"Stay Cool, Find Shade, Don’t Over Exert and Drink Plenty of Water"
The National Weather Service, Emergency Management and Public Health Departments in Vermont and New York have joined efforts to designate May 23rd, 2014 as Heat Safety Awareness Day. This joint designation is to bring awareness of the health dangers that can be associated with excessive heat and offer some solutions to protect yourself and others from the heat.
The National Weather Service categorizes a hot day when temperatures reach 90 degrees or warmer. In the North Country, we average between 6 and 10 such days a year, with some years witnessing more than 20 days. In Burlington, the most 90 degree or above days observed was 26 days in 1949. In 2013, 9 days of 90 degree or warmer temperatures were observed. An "official" heat wave is defined as three or more consecutive days with the temperature reaching or exceeding 90 degrees. The longest heat wave in Burlington was 8 days in August 1944. In 2013, there was one heat wave, a 5 day heat wave from July 15 temperatures approaching 100 degrees.
The Hazards of Excessive Heat
Although an "official" HOT DAY is classified when temperatures reach 90 degrees or warmer, heat related health effects can occur with temperatures in the 80s, combined with high humidity and prolonged sun exposure.
During extremely hot and humid weather, the body's ability to cool itself is affected. When the body heats too rapidly to cool itself properly, or when too much fluid or salt is lost through dehydration or sweating, body temperature rises and heat-related illnesses may develop. Heat-related illnesses can range from heat cramps to heat exhaustion to more serious heat stroke. Heat stroke can result in death and requires immediate medical attention.
Factors or conditions that can make some people more susceptible to heat-related illnesses include age (older adults and young children), obesity, fever, heart disease, mental illness, poor circulation, prescription drug and alcohol use, and sunburn.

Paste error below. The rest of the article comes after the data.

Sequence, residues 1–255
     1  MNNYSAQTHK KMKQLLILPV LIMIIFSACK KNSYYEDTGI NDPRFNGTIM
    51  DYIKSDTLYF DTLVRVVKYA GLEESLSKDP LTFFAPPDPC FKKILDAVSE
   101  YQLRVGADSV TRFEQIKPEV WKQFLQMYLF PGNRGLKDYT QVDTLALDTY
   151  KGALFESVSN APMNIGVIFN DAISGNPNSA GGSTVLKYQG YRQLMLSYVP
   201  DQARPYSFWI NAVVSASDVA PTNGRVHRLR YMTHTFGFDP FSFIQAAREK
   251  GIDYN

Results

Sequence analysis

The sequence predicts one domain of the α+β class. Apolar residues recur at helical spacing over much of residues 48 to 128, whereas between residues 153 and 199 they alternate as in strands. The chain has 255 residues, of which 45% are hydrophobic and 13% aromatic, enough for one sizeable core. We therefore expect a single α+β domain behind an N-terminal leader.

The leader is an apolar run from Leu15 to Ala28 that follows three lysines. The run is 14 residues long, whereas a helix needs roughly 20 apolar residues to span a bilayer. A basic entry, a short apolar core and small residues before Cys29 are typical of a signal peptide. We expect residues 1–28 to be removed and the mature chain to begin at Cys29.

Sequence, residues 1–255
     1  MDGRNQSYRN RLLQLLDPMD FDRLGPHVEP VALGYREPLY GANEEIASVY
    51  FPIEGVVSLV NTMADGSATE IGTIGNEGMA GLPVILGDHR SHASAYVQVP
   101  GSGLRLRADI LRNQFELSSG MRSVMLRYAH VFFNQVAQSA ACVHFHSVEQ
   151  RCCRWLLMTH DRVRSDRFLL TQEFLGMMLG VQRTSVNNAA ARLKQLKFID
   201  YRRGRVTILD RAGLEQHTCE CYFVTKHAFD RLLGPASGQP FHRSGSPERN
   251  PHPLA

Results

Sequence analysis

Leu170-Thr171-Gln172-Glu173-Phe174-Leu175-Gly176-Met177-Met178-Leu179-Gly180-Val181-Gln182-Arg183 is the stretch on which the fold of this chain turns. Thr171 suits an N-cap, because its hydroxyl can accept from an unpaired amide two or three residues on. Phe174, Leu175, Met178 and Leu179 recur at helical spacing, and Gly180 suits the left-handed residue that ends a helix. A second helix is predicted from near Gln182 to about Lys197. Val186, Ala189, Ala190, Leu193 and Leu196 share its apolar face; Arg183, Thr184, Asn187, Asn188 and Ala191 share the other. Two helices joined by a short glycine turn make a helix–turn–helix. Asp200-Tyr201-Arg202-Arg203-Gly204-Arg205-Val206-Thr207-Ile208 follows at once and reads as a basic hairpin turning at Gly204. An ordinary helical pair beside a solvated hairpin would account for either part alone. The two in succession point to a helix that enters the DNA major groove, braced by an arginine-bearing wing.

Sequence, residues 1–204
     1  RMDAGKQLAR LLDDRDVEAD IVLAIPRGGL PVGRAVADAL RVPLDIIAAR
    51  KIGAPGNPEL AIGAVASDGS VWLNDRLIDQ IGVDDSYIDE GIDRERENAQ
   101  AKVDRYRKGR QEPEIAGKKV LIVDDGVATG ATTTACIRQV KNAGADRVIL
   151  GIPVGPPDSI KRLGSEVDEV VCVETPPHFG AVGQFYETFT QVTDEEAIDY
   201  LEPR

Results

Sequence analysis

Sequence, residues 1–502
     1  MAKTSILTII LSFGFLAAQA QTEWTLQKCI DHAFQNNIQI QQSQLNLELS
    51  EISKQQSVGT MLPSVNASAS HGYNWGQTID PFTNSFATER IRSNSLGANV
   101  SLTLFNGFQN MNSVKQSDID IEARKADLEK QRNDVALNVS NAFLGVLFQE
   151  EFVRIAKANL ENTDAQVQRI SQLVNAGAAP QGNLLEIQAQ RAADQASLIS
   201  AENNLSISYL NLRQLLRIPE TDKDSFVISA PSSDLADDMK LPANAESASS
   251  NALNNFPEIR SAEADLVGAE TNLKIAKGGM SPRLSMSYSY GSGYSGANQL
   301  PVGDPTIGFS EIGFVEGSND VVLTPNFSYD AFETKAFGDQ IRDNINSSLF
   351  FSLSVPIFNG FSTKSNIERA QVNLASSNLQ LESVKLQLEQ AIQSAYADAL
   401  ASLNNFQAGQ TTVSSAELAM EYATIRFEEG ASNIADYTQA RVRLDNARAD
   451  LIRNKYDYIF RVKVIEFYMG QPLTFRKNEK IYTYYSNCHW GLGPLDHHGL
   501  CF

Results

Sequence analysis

Please refer to the following page for heat-related illness symptoms and first aid - http://www.nws.noaa.gov/om/heat/index.shtml
HERE ARE SOME SAFETY TIPS TO BEST COPE WITH THE DANGERS OF HEAT:
Take Action, Be Prepared
Slow down and reduce strenuous activities
Wear lightweight, light-colored clothing to reflect heat and sunlight
Drink plenty of water, non-alcoholic and decaffeinated fluids.
During excessive heat periods, spend more time in air-conditioned places if available.
If you must be outside, try to lessen your exposure by seeking shade frequently and limiting your activities to the early morning or late evening.
NEVER leave children, disabled adults, or pets in parked vehicles. "Beat the heat, check the back seat!"
The National Weather Service in Burlington, Vermont will issue Excessive Heat Watches, Heat Advisories or Excessive Heat Warnings when the Heat Index (Apparent Temperature) is expected to exceed 105°F for several hours or more. The Heat Index is a measure of how hot it really feels when relative humidity is factored in with the actual air temperature.
IMPORTANT: Since heat index values were devised for shady, light wind conditions, exposure to full sunshine can increase heat index values by up to 15°F. Also, strong winds, particularly with very hot, dry air, can be extremely hazardous.
The Heat Index Chart shaded zone above 105°F (orange or red) shows a level that may cause increasingly severe heat disorders with continued exposure or physical activity.
NWS BTV Heat Awareness Video
For more information and forecasts - visit us at http://www.weather.gov/btv/
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Other links –
NY Health Department Heat Message - http://www.health.ny.gov/publications/1243.pdf
VT Department of Health - http://healthvermont.gov/
Centers for Disease Control and Prevention - http://www.bt.cdc.gov/disasters/extremeheat